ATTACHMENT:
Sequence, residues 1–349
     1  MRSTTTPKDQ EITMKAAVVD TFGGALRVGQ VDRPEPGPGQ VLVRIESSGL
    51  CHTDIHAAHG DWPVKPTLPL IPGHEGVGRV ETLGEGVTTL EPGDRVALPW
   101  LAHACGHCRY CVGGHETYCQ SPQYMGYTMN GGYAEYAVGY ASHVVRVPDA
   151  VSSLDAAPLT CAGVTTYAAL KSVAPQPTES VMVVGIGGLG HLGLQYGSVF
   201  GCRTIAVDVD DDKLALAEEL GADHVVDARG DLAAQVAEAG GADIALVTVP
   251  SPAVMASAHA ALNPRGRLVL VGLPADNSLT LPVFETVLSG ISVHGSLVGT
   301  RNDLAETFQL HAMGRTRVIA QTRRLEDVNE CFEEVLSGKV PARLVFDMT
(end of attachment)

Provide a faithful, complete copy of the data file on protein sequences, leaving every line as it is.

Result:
Sequence, residues 1–349
     1  MRSTTTPKDQ EITMKAAVVD TFGGALRVGQ VDRPEPGPGQ VLVRIESSGL
    51  CHTDIHAAHG DWPVKPTLPL IPGHEGVGRV ETLGEGVTTL EPGDRVALPW
   101  LAHACGHCRY CVGGHETYCQ SPQYMGYTMN GGYAEYAVGY ASHVVRVPDA
   151  VSSLDAAPLT CAGVTTYAAL KSVAPQPTES VMVVGIGGLG HLGLQYGSVF
   201  GCRTIAVDVD DDKLALAEEL GADHVVDARG DLAAQVAEAG GADIALVTVP
   251  SPAVMASAHA ALNPRGRLVL VGLPADNSLT LPVFETVLSG ISVHGSLVGT
   301  RNDLAETFQL HAMGRTRVIA QTRRLEDVNE CFEEVLSGKV PARLVFDMT